” href=”https://www.law360.com/cybersecurity-privacy/articles/1478804?utm_source=rss&utm_medium=rss&utm_campaign=section#”>Ben Kochman Law360 (March 31, 2022, 10:05 PM EDT) — An ominous White House warning that Russia may soon launch cyberattacks on U.S. critical infrastructure and the release of an indictment detailing the Kremlin’s alleged past hacking schemes have cybersecurity advisers urging companies to shore up their defenses.
President Joe Biden’s March 21 statement that his office has “evolving intelligence that the Russian government is exploring options for potential cyberattacks” in response to international sanctions is part of a broader strategy shift to speak more openly about digital threats than previous administrations have, cybersecurity attorneys say.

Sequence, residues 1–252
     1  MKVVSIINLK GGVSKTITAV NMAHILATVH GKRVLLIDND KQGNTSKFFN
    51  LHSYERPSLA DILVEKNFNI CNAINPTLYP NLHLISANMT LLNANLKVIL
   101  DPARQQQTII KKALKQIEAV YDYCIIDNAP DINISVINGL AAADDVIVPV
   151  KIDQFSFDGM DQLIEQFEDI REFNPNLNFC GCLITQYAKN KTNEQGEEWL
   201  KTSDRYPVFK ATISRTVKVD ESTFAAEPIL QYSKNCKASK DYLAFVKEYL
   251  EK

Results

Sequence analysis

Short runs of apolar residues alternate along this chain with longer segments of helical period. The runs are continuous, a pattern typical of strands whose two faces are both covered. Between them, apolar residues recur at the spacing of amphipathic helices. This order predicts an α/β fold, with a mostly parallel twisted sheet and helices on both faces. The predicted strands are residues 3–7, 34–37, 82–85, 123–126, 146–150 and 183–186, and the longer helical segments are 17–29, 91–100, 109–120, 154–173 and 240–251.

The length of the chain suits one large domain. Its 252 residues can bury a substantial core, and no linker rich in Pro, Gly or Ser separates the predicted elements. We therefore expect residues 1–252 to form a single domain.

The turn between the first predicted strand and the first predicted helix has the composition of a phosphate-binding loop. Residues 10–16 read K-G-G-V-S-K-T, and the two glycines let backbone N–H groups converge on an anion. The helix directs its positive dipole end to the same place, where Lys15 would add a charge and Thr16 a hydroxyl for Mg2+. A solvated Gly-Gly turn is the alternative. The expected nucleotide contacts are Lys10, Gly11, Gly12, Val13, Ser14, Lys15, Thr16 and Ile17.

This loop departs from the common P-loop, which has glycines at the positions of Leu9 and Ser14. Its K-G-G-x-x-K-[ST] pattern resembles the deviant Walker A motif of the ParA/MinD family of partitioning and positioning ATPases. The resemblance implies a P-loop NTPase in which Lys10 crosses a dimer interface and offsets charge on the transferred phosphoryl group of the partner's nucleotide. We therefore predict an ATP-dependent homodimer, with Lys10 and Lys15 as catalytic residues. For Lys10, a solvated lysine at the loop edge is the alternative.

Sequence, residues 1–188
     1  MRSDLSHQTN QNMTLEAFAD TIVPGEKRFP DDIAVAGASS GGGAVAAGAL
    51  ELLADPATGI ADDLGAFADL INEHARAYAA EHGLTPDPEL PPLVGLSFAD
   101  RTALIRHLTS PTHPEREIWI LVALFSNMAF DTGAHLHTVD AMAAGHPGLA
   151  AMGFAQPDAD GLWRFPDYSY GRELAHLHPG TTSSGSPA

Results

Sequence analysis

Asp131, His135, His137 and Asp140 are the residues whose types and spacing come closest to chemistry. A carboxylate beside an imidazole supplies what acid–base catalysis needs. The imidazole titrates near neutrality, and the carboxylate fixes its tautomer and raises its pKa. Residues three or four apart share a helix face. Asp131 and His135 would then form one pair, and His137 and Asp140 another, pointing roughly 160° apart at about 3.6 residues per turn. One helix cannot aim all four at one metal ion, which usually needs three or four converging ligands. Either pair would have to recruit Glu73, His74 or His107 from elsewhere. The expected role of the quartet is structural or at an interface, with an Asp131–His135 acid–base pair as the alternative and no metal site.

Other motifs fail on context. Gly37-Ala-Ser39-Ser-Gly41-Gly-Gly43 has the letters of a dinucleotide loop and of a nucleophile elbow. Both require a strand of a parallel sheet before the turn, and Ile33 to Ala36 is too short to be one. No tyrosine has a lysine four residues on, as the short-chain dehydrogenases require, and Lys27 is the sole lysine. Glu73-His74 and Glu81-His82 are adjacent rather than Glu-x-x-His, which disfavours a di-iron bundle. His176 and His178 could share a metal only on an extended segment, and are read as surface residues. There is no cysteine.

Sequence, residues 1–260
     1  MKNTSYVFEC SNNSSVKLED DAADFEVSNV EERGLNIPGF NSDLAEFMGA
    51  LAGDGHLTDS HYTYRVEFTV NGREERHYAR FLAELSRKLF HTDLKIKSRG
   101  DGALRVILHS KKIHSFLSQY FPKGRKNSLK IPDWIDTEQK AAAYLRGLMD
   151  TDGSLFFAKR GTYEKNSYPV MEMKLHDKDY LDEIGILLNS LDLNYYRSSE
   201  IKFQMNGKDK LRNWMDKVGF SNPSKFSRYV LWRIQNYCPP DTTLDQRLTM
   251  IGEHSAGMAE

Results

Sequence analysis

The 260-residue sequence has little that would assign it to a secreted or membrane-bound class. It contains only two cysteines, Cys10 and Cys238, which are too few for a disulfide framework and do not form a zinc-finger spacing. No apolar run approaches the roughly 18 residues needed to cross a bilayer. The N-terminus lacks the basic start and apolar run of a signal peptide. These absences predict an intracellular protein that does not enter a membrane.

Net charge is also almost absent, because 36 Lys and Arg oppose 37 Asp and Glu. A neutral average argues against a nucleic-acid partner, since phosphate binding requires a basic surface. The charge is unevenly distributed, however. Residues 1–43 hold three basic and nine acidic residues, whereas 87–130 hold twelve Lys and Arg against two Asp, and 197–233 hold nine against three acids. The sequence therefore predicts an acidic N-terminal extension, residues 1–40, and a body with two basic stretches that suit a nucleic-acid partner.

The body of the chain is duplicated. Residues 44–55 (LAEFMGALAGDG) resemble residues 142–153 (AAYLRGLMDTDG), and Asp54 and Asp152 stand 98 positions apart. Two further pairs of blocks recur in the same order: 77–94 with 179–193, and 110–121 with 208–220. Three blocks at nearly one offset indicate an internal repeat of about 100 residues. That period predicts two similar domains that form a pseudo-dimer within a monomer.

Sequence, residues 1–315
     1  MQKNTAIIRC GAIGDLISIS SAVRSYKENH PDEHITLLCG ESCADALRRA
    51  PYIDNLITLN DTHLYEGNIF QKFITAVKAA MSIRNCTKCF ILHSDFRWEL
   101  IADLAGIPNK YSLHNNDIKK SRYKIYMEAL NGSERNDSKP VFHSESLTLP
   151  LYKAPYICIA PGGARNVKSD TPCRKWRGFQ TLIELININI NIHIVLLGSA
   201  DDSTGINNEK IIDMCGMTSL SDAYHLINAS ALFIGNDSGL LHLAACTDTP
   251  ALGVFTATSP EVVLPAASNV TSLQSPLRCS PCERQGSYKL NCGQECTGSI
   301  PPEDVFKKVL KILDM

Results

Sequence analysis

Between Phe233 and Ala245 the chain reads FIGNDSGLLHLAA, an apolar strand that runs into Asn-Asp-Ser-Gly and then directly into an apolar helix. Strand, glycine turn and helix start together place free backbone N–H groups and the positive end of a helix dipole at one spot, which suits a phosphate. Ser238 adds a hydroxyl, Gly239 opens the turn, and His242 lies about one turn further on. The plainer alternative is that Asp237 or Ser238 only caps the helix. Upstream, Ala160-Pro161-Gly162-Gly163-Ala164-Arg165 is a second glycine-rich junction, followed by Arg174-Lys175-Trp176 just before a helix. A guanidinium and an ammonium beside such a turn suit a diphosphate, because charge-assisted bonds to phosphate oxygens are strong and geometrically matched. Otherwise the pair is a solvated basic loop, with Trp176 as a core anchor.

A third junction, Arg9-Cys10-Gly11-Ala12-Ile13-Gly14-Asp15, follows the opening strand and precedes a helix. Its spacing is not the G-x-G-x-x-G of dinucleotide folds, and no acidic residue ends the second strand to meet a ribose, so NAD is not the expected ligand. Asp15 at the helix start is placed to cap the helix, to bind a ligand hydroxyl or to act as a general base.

To hammer home its point about the dangers of Russian nation-state-backed cybercrime, the U.S. Department of Justice also unsealed an August 2021 indictment days after Biden’s statement, charging four Russian government employees with orchestrating sprawling hacking schemes targeting the global energy sector in 135 different countries between 2012 and 2017.
The suspected Russian operatives allegedly targeted oil and gas firms, nuclear power plants, and utility and power transmission companies in attacks that could have given Russia the chance to cause “potentially catastrophic” physical damage, prosecutors said.
Since Russia’s invasion of Ukraine, which began in late February, a cyberattack on U.S critical infrastructure at the level of several high-profile 2021 intrusions has yet to emerge. Criminal ransomware gangs breached networks belonging to a key fuel pipeline and a meat processing giant in May 2021 alone.